I understood the 2018 Dodge Challenger GT AWD we featured early last year, coming in around $43,000 Canadian you got the looks and styling of the iconic muscle car, with the performance and peace-of-mind from an all-wheel-drive system. Since you can't find much else in the market that offers what the Challenger does, it made sense. But there are so many excellent vehicles available at the $50,000 price point that makes me question why the Charger still exists as a 'average car-buyer's' vehicle.
The Kia Stinger comes to mind right away when I think of a great way to spend $50k. Most crossovers will also fit the bill for car buyers looking at the space and power the Charger SXT has to offer. The interior space on the Charger wasn't all the great considering it's a full-size sedan, with plenty of headroom and shoulder room to fit the bill, but rear seat legroom felt smaller than something like the 2018 Volkswagen Passat.
But the Charger isn't all bad. FCA's dynamic packaging and options allow buyers to get the exact vehicle they want, optioning things like a sunroof on it's own for those who really don't want one. The Uconnect infotainment system is still one of our favourite systems available in the consumer segment, providing much better functionality and processing speed over the system we used in the 2017 Grand Cherokee. The design of this generation Charger is also seriously good, especially with the facelift.
But I couldn't find enough reasons to like this car based on the price and overall power, not to mention the lackluster handling and ride. Personally I'd spend the extra $2,000 and get the Scat Pack 392 SRT, at least putting some power and handling behind the solid looks of the Charger, at the expense of all the premium bells and whistles like ventilated front seats and adaptive cruise control. Furthermore I'd recommend looking at a used Charger Pursuit if you absolutely need AWD in a Charger with a V8 HEMI. Prices for newer Pursuits are very affordable in the used market, and would also be my suggestion over this.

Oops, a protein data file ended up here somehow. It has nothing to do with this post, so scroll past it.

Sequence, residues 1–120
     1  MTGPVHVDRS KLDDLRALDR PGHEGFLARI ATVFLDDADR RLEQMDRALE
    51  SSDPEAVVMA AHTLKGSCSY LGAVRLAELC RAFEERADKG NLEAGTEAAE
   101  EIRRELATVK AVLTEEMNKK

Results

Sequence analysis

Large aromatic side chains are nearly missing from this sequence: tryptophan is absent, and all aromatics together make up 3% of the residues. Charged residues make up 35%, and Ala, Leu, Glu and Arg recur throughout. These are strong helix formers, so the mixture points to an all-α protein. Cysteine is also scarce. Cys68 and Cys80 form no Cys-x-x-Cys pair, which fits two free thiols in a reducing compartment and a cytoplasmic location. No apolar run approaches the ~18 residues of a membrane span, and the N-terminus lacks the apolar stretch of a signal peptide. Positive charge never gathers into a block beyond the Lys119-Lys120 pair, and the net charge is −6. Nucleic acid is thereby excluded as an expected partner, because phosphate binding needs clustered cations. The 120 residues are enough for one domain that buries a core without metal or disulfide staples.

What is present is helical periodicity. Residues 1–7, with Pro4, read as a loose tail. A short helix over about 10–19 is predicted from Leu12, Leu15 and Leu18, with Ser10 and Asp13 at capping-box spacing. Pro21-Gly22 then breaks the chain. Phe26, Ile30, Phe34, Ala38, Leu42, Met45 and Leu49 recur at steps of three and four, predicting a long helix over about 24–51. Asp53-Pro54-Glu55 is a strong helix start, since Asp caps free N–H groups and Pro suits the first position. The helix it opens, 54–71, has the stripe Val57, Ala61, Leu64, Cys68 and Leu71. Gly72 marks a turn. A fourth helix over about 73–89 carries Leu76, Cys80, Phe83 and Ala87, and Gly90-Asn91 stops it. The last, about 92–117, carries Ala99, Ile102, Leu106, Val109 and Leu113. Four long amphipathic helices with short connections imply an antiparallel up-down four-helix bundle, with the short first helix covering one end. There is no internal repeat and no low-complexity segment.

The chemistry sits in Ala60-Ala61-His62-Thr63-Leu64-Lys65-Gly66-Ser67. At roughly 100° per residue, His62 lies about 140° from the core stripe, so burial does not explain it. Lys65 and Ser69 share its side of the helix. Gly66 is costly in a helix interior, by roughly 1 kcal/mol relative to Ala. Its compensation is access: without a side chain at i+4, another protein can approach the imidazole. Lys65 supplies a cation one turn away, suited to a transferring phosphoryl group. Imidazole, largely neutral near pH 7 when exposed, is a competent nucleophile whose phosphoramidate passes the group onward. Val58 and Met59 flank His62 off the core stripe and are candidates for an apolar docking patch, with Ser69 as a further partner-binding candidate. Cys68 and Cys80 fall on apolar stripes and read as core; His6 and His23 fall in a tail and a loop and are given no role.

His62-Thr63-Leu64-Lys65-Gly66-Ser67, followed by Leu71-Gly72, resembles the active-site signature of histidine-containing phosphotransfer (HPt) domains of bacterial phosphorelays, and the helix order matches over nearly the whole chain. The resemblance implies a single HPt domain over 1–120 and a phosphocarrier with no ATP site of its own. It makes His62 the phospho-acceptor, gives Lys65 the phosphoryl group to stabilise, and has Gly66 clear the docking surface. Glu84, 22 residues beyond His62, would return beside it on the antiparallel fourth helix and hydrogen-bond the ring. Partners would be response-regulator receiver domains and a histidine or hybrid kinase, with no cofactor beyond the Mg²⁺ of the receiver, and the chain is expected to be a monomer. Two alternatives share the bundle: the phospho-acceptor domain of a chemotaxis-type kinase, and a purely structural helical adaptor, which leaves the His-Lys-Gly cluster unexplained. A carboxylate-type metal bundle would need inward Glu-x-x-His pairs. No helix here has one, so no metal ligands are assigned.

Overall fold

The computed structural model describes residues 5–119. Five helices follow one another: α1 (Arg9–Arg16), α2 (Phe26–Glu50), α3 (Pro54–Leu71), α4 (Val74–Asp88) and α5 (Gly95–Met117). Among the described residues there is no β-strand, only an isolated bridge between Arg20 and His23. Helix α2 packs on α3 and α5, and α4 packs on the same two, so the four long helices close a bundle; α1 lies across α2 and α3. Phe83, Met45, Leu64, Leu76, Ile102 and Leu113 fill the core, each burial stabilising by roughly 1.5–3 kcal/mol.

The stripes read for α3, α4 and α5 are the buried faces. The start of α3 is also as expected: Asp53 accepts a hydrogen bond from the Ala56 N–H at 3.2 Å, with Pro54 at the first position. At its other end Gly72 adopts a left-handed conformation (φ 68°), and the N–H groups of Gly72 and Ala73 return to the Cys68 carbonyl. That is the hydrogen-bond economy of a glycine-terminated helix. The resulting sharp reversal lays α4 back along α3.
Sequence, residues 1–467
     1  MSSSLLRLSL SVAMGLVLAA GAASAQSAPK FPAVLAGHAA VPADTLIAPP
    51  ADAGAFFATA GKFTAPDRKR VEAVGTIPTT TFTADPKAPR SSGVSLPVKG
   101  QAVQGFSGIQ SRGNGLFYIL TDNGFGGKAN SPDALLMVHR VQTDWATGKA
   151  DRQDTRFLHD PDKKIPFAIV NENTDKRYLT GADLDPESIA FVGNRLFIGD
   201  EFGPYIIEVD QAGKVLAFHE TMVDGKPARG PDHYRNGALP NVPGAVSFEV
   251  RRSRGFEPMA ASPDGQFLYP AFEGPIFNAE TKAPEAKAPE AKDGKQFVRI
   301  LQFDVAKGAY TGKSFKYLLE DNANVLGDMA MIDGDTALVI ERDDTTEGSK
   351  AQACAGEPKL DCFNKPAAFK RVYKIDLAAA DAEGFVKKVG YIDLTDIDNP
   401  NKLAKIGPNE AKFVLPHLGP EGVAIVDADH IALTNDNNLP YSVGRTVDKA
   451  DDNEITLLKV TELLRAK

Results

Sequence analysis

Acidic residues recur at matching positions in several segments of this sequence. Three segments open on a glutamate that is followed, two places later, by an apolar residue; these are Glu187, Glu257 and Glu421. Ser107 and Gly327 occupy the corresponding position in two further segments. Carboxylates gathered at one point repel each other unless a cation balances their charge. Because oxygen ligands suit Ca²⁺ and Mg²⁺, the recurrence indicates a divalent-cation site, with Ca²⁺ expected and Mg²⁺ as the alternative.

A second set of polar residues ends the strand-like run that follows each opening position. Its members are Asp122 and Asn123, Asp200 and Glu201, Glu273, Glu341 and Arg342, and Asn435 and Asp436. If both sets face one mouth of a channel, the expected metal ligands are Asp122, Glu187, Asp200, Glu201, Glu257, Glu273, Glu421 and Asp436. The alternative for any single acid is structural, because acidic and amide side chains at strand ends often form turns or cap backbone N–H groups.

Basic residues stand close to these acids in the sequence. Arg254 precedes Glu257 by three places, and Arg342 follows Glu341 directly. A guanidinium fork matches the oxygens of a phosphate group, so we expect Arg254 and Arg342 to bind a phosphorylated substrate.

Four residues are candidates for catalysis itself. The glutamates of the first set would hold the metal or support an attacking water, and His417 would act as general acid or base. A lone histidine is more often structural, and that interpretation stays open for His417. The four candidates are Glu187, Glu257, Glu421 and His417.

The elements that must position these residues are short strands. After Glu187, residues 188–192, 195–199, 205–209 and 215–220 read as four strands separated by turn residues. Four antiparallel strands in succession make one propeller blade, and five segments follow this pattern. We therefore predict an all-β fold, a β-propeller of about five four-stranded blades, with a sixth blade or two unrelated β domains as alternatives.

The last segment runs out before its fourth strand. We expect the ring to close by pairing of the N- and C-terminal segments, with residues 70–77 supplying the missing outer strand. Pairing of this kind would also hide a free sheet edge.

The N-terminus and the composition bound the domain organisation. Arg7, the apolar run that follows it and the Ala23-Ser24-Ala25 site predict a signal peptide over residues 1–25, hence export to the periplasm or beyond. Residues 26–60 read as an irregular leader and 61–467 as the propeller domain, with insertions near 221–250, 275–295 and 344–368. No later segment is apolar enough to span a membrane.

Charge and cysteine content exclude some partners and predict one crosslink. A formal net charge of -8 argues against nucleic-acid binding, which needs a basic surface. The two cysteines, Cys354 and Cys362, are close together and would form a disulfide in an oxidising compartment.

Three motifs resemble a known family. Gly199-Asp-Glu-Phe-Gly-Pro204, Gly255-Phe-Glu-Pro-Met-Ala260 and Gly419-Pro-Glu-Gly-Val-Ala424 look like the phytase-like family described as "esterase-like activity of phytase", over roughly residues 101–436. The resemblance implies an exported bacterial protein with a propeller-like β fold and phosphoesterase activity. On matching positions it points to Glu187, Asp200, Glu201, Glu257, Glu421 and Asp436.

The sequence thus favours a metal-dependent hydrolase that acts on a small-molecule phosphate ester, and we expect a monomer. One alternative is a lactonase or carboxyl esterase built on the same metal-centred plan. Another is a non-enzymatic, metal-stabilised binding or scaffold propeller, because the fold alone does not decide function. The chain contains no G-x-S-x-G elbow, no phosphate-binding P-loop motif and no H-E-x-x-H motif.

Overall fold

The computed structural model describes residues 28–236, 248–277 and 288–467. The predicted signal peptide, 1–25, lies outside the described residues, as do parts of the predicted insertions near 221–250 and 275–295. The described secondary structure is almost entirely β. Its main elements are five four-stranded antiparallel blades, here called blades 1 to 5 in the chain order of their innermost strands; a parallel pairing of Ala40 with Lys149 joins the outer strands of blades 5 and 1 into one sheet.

Either Chrysler needs to revisit the chassis and underpinnings of the Charger, finally building something new from the ground up that isn't based on a 90s Mercedes E-Class, or drop the price to attract buyers away from crossovers. I'd be a lot more content with this Charger if our as-tested MSRP was closer to that of the Challenger. I'd also have been a lot happier with the original MSRP if the vehicle handled as well as it looked, but the driving dynamics just weren't there. It felt a lot more like my 1983 Ford LTD Crown Victoria than anything made post 2010.
We're hoping to revisit the Charger later this year in SRT format to see if more power and better handling can help us understand this car, but for now we're going to be passing on Dodge's full-size sedan in favour of almost anything else on the market.
You can watch our full episode of TestDrive Spotlight on the 2019 Dodge Charger SXT AWD here: